The Corner

Larry Solum On Judicial Philosophy

A truly excellent post today by Larry Solum on the <a

href=”http://lsolum.blogspot.com/2003_11_01_lsolum_archive.html#10687404

3430578154″>Legal Theory Blog. Here is how it ends:

What happens when we complete the conceptual reorientation

and see judging as a mere extension of ordinary politics? Nothing good.

The bottom of a downward spiral of politicization is a thoroughly

politicized judiciary. We know what that looks like. It exists in odd

corners of the United States, where lawyers know that winning even in a

run of the mill tort case is almost entirely a function of how much you

have contributed to the local political machine. A thouroughly

politicized judiciary is the norm in much of the third world, and the

result is that the transparency required for well-functioning markets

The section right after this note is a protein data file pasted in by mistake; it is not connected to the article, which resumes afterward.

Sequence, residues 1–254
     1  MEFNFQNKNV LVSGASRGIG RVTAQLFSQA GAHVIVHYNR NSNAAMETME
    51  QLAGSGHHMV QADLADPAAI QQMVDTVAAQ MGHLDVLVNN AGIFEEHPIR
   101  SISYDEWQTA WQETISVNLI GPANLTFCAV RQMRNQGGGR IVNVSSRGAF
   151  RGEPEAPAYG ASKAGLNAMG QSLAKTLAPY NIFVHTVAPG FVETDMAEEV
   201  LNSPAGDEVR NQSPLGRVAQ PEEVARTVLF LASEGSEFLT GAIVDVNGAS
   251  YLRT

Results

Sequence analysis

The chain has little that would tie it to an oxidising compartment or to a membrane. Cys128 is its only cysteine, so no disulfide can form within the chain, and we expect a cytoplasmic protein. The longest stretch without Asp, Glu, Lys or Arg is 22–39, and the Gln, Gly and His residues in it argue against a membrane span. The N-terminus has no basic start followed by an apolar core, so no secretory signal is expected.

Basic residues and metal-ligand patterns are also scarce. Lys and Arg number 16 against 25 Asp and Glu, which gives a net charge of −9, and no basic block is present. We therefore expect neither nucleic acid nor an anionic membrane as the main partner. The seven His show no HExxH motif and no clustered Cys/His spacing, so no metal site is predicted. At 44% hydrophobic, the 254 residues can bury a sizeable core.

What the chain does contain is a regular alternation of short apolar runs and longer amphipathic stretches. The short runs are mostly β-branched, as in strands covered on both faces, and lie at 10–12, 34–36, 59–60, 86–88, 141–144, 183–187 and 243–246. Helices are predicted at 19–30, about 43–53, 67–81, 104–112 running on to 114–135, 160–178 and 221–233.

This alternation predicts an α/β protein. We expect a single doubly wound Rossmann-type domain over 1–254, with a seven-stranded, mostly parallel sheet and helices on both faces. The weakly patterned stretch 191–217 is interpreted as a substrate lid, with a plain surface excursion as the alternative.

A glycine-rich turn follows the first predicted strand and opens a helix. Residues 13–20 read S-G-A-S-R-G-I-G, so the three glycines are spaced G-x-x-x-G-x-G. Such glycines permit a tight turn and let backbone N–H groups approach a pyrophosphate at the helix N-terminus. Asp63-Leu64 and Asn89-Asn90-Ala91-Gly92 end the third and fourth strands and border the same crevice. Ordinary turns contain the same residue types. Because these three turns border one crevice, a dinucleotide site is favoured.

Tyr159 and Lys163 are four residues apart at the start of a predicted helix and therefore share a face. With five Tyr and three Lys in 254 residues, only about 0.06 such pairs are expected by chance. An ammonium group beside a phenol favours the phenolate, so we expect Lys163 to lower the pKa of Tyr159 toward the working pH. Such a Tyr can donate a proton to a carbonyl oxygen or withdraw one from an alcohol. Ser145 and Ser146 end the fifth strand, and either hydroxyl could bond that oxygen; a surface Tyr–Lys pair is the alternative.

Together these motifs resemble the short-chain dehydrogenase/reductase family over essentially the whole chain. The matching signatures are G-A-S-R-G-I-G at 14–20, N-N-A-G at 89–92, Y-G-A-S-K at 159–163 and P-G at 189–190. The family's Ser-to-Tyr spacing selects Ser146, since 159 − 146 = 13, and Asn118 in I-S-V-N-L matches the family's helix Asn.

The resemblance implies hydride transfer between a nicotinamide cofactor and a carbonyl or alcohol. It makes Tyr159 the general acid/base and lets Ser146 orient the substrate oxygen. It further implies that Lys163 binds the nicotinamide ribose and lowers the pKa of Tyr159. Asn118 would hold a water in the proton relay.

cannot be achieved–at enormous costs in human welfare. In a thoroughly

politicized judiciary, every case is a patronage opportunity or a chance

to score political points.

Tom Daschle watched The Bachelor last night. But did he sleep

peacefully, his dreams untroubled by the damage that both parties have

done to the rule of law? I hope not.

You really need to read

this one from the beginning.

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